When I made the first prototype of this holster in 1968, there was little interest in the quick attachquick detach feature. However, as witnessed by the large number of so-called "paddle” holsters being made, this has changed. In bringing out the Patriot, I was determined to avoid the discomfort, loss of concealability, and lack of solid belt attachment of many of these types of holsters. Having undergone nearly two years of field testing, the patriot has been shown to be as comfortable, concealable and solidly belt-mounted as any holster having a non-detachable belt loop.

#6 Patriot 

The Patriot is designed to be a concealment and general purpose holster. The #5 Patriot is an open top design and the #6 Patriot is equipped with a traditional thumb-snap strap. This holster is made for the semi-auto pistols listed in the Pistol/Holster Availability List only. A unique feature of the holster is the ability to attach and detach it from the belt very quickly without removing or unbuckling your belt. In addition, the belt loops can be interchanged, allowing the Patriot to be used on 1", 1-1/4", 1-1/2", and 1-3/4" belts. For the most precise fit, it is recommended that Bruce Nelson Combat Leather belts be used with Patriot holsters. Other belts of the same width and thickness parameters can, of course, be used.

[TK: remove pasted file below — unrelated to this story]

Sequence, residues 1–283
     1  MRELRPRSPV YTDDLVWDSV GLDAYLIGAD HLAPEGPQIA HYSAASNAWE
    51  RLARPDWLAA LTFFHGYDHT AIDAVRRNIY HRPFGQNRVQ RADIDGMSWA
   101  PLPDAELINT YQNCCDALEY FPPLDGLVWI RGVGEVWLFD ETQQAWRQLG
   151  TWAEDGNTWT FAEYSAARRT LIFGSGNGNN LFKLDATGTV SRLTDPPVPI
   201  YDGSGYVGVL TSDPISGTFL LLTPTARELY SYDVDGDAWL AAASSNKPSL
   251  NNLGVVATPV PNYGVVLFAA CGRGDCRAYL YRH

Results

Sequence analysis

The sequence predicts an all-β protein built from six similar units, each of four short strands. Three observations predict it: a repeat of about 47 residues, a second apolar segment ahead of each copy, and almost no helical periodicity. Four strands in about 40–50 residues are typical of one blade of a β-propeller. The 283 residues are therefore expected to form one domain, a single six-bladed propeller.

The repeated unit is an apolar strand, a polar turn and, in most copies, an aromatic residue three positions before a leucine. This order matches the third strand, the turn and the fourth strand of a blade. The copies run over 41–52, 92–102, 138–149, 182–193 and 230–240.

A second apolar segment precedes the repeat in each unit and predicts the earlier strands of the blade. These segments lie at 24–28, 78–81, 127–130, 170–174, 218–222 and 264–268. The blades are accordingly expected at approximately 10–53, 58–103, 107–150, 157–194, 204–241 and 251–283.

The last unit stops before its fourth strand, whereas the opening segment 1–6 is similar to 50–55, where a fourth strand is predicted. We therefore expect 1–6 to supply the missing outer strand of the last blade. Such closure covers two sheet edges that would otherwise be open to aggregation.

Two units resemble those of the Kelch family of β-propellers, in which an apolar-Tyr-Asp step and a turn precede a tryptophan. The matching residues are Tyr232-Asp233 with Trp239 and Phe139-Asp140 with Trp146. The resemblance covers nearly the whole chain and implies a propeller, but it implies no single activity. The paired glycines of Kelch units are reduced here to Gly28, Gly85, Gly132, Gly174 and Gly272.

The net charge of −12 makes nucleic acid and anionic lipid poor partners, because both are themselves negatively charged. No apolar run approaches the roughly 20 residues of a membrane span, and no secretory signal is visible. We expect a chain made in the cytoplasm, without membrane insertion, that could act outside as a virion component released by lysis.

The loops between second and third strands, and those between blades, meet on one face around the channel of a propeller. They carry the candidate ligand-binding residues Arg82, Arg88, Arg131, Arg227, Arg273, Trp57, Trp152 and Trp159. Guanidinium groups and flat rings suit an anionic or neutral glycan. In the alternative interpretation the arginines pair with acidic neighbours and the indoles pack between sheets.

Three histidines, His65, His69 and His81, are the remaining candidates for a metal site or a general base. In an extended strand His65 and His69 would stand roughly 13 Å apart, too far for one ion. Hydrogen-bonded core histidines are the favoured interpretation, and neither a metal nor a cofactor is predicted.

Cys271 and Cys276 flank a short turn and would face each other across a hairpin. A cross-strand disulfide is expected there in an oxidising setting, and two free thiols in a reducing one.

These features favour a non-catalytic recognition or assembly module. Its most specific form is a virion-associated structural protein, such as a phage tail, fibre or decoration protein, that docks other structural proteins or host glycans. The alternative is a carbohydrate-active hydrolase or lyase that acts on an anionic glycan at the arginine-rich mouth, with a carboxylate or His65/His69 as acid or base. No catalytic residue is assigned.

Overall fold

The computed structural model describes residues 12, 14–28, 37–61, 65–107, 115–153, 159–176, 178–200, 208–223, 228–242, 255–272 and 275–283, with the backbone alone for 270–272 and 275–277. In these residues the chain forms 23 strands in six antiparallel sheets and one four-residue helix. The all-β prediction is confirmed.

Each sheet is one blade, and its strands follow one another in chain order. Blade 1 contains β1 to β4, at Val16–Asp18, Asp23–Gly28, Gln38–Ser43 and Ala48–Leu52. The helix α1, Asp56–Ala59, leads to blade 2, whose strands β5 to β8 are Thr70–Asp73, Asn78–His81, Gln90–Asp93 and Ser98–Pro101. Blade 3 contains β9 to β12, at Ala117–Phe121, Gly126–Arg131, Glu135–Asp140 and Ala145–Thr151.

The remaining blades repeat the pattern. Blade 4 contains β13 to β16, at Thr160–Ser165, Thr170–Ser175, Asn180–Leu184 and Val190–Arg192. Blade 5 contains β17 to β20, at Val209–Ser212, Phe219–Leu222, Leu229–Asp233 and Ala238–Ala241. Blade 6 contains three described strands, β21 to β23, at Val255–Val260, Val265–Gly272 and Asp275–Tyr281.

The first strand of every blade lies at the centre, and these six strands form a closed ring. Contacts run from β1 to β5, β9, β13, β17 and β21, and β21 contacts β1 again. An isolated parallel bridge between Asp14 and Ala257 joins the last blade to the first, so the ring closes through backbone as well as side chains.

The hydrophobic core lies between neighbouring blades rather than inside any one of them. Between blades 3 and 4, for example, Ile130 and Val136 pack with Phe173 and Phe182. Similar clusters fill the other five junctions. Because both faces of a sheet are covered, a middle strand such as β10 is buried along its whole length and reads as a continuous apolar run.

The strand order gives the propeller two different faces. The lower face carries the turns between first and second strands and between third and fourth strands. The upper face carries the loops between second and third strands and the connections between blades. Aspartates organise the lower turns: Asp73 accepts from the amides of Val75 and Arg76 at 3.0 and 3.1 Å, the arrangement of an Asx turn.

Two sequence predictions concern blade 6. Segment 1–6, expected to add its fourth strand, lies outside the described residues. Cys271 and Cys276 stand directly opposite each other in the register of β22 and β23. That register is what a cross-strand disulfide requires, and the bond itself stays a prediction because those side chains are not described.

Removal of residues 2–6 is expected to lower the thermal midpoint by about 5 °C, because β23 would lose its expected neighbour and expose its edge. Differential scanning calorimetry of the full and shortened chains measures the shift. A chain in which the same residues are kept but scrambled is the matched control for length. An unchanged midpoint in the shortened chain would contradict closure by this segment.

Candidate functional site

See Bruce's Full Work

Want to see Bruce's complete catalog of work? Checkout the PDf Below.

Some General Thoughts on Holster Selection

Why does a good holster make a difference? The first thing that should be said is that sometimes it doesn't. Does this sound strange coming from a holster maker?  Well, consider this: You first need to ask yourself what you want your holster to do. If you just want a container for your pistol that provides some protection and allows you to carry it on your belt for short term, non-critical use, you can find many factory produced economy models in gun and sporting goods stores that will fill your needs. Much of the precision in design and construction spoken of in this catalog is only noticed when you utilize a holster in the upper levels of performance.

A holster is a component of a system to be employed in critical use situations. These situations include defensive and competitive use as well as hunting and wilderness survival. In all situations, it is necessary to understand the mission of the pistol. In defensive use, for example, as the term implies, the pistol stops an often unexpected fight that someone else has started. The degree to which the pistol is "at the ready" will determine if hauling it around was worth the trouble. Having a pistol that is ready without restricting normal daily activity is precisely the mission of the well-designed holster. Since the necessary qualities of different types of holsters vary with their intended purposes, specific information is more easily covered under model descriptions in this catalog. Certain principles of design follow as they are common to proper function of most holsters.

Proper Firing Grip

It is axiomatic that inconsistent grip creates inconsistent results downrange. It reasonably follows that any holster which, by its improper design, does not allow a full and final firing grip upon first contact with the weapon, is to be avoided. Unfortunately many holster designs do not incorporate this basic concept.

Holster Balance/Pistol Weight Distribution

Lorem ipsum dolor sit amet, consectetuer adipiscing elit. Aenean commodo ligula eget dolor. Aenean massa. Cum sociis natoque penatibus et magnis dis parturient montes, nascetur ridiculus mus. Donec quam felis, ultricies nec, pellentesque eu, pretium quis, sem. Nulla consequat massa quis enim.

Holster Fit and Weapon Retention